Our plan for today was simple: visit the Rock and Roll Hall of Fame. Though we had an appointment at 4pm on our schedule, we were feeling relaxed about the rest of the day. Just as well, because once we’d stepped inside and heard the music, we didn’t want to go anywhere else!
There has been a mixed response to our decision to visit Cleveland on our Road Trip, but mostly, it’s been a slightly mystified “but why?” Well, if anyone needs a reason, then let it be “The Rock and Roll Hall of Fame”! It’s all part of a major lakefront redevelopment – the Science Center and a huge stadium project is right next door.
Anyway, with tickets purchased and guides in hand, we couldn’t wait to get started.
The first displays told the story of how rock and roll grew out of humble beginnings. There were mementos of early blues and gospel singers, rockabilly and bluegrass, each one accompanied by a video presentation with soundtrack coming from overhead speakers. Just as our toes began tapping and we were getting into the groove, a horde of small children from a summer camp descended on the place and the general hubbub and noise was enough to make listening impossible.
We let them steam on through and then resumed our visit.
By this time we were getting into familiar territory – for dare I say, till this point, it was all before my time? But now we were talking – Beatles, Herman’s Hermits and The Hollies – oh yes, we knew all the words!
The story continued, through Motown, Flower Power, Punk, Rap and Heavy Metal. A few items stood out like these handwritten lyrics to The Boxer (one of the tunes which always plays in my head when I’m in New York City) but really, there were so many small things to see, to wonder about and to prompt lots of memories.
And all the time, the music was playing and we were humming, singing and loving it all, because it was aimed at people just like us; our vintage, in fact.
I mean, David Bowie? Look at that suit from 1972! Nicely shaped, eh?
I’d feared the Motown stars would not feature here, since Detroit has a Hall of Fame too, but thankfully, there they were, the Supremes. The mannequins were perfectly posed and couldn’t really have been mistaken for anyone else, don’t you agree?
At the end of this section, sure enough, there he was. The one all those little kids had been looking for – though I’m not sure any of them would have spotted him – or his glove.
Right here was a huge screen, playing live concert performances and we happily stopped and listened for a while – James Taylor is on screen here, singing Fire and Rain – and one after another memorable performance followed, making it very difficult indeed to move on.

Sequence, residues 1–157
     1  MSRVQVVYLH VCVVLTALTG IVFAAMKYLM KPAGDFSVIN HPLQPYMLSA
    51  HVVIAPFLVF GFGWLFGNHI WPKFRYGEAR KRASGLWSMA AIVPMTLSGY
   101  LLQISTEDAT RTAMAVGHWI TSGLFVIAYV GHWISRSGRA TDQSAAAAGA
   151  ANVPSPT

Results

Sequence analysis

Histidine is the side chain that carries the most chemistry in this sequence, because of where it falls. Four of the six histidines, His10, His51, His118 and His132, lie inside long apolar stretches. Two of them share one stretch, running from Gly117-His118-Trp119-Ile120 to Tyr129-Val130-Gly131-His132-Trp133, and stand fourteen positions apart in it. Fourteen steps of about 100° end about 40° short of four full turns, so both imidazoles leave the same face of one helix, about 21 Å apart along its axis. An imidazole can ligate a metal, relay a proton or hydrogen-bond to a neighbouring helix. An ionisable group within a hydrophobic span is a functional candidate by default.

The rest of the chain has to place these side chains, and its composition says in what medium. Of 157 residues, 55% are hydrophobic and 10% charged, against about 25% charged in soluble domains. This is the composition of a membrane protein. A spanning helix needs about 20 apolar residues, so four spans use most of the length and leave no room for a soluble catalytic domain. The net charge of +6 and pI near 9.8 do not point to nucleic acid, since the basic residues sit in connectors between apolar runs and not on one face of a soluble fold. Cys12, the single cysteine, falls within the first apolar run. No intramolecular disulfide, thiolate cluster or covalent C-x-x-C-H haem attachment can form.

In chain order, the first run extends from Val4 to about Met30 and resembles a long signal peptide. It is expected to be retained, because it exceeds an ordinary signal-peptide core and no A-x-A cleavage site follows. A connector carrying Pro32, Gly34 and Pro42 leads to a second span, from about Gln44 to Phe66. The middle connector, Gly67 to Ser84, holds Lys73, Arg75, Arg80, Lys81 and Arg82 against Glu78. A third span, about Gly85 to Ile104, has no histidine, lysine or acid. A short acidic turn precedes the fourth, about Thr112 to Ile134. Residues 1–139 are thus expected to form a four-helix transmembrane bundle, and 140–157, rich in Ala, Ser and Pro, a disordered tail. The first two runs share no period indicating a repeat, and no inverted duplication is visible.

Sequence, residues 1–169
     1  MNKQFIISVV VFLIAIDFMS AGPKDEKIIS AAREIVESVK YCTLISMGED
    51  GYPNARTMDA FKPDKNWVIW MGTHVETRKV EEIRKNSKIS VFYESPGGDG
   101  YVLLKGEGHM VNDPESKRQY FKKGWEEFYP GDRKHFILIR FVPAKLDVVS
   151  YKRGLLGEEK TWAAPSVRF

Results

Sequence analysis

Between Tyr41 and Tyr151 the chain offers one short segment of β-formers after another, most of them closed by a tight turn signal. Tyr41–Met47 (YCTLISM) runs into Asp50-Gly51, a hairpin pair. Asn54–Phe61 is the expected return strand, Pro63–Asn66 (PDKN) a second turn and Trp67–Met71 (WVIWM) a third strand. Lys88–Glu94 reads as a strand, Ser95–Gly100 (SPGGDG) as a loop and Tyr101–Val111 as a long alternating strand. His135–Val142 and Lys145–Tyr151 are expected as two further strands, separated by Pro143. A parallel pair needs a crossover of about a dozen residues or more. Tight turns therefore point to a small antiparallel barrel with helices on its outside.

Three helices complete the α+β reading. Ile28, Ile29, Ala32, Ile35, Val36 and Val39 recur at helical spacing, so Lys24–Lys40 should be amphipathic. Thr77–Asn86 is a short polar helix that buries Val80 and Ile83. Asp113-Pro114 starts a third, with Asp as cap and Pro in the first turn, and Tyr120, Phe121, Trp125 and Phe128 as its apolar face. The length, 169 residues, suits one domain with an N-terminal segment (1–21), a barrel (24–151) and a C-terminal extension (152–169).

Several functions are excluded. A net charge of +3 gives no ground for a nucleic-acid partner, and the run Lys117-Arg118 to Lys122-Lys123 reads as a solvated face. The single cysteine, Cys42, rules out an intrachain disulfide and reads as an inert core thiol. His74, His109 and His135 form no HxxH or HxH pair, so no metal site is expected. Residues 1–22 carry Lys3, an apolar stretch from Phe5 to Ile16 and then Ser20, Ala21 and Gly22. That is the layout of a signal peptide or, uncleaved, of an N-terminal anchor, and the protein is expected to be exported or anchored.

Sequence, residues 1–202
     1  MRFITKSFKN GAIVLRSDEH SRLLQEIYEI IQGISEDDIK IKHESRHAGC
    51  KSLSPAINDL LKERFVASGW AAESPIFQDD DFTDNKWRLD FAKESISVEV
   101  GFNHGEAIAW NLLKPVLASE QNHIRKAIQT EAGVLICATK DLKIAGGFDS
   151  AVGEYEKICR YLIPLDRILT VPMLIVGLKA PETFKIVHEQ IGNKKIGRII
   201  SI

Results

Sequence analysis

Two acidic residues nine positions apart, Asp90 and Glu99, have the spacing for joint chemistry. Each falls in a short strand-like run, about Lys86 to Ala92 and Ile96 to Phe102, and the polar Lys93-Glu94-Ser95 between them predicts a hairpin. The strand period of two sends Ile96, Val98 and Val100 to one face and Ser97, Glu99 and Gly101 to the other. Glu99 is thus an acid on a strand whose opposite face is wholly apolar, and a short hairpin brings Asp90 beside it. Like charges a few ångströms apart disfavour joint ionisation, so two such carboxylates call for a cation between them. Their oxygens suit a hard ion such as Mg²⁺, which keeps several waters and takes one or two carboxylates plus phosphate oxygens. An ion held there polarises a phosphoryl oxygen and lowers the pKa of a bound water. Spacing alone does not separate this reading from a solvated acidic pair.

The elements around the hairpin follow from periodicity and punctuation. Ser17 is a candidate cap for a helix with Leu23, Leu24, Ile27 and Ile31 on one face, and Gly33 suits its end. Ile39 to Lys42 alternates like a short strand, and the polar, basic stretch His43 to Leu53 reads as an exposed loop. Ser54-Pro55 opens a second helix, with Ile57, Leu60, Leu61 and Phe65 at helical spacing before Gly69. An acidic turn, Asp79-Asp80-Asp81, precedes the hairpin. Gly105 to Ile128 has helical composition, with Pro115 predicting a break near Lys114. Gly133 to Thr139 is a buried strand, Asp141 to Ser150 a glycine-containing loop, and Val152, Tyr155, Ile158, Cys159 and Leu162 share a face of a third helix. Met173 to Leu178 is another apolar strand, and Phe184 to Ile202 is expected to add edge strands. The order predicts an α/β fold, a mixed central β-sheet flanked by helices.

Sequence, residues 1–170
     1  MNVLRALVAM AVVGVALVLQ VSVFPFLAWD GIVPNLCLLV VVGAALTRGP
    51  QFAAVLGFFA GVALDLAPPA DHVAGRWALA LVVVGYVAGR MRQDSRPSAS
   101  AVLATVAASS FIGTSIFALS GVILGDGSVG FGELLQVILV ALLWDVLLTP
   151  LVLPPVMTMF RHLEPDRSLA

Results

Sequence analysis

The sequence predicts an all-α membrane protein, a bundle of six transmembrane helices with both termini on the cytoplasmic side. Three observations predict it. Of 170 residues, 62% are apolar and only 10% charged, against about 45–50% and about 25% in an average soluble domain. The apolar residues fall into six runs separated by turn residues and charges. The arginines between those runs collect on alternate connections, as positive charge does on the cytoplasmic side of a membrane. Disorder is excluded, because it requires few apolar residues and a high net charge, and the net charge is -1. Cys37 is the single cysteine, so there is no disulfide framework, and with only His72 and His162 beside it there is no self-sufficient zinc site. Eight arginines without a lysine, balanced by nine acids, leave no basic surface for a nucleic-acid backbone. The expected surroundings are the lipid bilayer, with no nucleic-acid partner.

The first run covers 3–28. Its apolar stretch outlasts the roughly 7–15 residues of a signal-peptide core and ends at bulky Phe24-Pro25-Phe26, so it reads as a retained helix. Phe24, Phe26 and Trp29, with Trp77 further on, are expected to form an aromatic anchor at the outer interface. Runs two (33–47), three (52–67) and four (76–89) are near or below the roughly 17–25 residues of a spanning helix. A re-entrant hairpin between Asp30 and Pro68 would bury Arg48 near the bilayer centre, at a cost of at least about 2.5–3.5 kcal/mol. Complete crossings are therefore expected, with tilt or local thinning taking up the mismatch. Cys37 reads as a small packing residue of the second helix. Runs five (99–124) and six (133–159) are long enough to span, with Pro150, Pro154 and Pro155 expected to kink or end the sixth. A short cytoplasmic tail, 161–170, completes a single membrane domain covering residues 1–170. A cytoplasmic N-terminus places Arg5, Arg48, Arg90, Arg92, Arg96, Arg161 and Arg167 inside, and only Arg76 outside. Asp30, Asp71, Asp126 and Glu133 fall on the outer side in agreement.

But just around the corner was The Beatles exhibit…and the Rolling Stones…and we simply had to stop and listen to them too. I loved the Beatles in particular and we happened upon that show at just the right spot – halfway through “With the Beatles” LP and I was sucked right back into the 1960s.
So it went. Into a theatre to watch clips from 50 years of American Bandstand, which wasn’t at all familiar to us but which featured people like Aha, ABBA, Bryan Adams, Lionel Richie, The Righteous Brothers, Joni Mitchell and – ermmm – Sheena Easton?! Around the corner was another theatre with clips of all the Hall of Fame inductees – Martha and the Vandellas, the Mamas and the Papas, Queen, Earth Wind and Fire, Donna Summer, Pink Floyd, Blondie…and so many others.
We could have stayed and watched it all over again. We loved every minute!
With all of that wonderful music going around and around in our heads, we returned downtown buzzing! Our goal was the central tower in the group of skyscrapers there, which my Hero identified as Terminal Tower – formerly Cleveland Union Terminal; the former railroad station.
Sadly, trains no longer arrive and depart from this marvellous building.
There are shops, restaurants and an hotel where the platforms used to be.
Though there’s still the odd reminder of former glories.
The ceiling is magnificent, too.
In the middle of Public Square, right outside Terminal Tower, is the Soldiers and Sailors Monument - a memorial to veterans of the Civil War – very grand, it is, too. We were on our way to one of the other grand buildings in the group on Superior Avenue: Mary had secured us an appointment for a tour of the Cleveland Public Library.
The Cleveland Public Library is quite an awe-inspiring building both inside and out. Inside, the carpets reflect the pattern and colour of the ceiling and there are murals and reading desks in keeping with the architecture.
The painted ceiling in the entrance hall was finely painted in a rather delicate design, too. This was in stark contrast to the decor and architecture in the newer, modern extension though:
Our visit had been a cool respite from the heat and humidity which had been building outside. Thankfully, we had only a couple of blocks to walk to our hotel and we hoped the rain would hold off long enough for us to get back in the dry.
I couldn’t resist taking a couple of pictures of Tom Otterness’ figures, though.
Remember them from the NYC Subway, too?
We did manage to get back in the dry, though when we stepped outside to go for dinner, there were heavy spots of rain falling. With our raingear in the car, parked some distance away, I returned to the reception desk to ask if, by any chance, they had an umbrella I could borrow. Sadly, the one which had been there was already gone, but Liz, the receptionist offered me her own umbrella to use. I turned to the chap standing behind me in the queue and remarked that this was really beyond the call of duty and incredibly generous of her.
“You’re in the Mid-West”, he said.
Indeed, and how pleased we are to be here, too.